Cops don't feel equipped to deal with disturbed persons
Police officers don't feel equipped to deal with people showing disturbed behavior, many of whom have mental health problems, according to a survey by Investico among over a thousand cops for newspapers Trouw and De Groene Amsterdammer. Three quarters of cops report regularly feeling powerless when responding to reports of disturbed behavior.
The training police officers get on using force and how to deal with disturbed behavior "do not provide sufficient guidance to cope with what is currently going on," a police team chief from Amsterdam told the researchers, according to Trouw. "As a result, more and more colleagues take physical and mental blows."
Some 75 percent of officers report that they've found themselves in situations where they were no longer in control They were attacked, or the person they were approaching injured themselves. 85 percent said they've faced aggression or violence from someone showing disturbed behavior. "We often have to fight with people who are just sick in their head," a police sergeant from Limburg said to the researchers. "It's really sad that it came this far."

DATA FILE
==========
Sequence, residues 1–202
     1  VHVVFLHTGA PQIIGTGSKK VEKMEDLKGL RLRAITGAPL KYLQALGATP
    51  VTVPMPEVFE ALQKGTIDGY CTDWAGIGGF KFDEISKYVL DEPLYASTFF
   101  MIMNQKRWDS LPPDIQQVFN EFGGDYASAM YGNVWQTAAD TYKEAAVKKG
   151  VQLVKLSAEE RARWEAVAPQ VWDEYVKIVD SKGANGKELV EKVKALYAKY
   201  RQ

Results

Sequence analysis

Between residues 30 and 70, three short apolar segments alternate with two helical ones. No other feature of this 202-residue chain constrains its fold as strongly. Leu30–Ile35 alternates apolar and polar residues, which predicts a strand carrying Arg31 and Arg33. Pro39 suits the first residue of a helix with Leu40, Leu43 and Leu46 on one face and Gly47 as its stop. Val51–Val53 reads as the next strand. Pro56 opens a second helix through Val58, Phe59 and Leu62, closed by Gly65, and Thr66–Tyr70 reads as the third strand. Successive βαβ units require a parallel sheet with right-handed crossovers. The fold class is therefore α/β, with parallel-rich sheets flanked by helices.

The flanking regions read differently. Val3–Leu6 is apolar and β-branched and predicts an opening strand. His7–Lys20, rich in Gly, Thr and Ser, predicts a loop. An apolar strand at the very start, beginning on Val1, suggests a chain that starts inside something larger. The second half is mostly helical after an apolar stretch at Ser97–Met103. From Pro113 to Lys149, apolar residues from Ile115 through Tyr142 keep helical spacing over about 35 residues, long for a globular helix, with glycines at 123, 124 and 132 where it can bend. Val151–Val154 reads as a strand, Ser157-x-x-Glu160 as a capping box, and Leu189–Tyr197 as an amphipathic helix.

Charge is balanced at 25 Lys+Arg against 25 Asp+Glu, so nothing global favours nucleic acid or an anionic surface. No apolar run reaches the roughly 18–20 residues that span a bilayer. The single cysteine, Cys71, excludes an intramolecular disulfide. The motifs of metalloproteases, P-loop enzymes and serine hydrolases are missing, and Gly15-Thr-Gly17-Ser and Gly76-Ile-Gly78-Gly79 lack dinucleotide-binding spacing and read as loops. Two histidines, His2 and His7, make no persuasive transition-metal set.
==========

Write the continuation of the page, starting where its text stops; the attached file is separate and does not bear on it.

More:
Jan Struijs of police union NPB told Trouw that mental healthcare is working on how to give police officers more information and training on approaching people with disturbed behavior. But he stressed that the police are saddled with a problem that does not belong in their wheelhouse. "The extent to which we encounter this does not fit within a democratic civilization."
To NOS, Struijs called this a human rights issue. "Healthcare must be put in order. We at the police can temporarily stick a plaster on, but this must be tackled structurally," he said. "If you are confused, you deserve good care and don't belong in a police cell."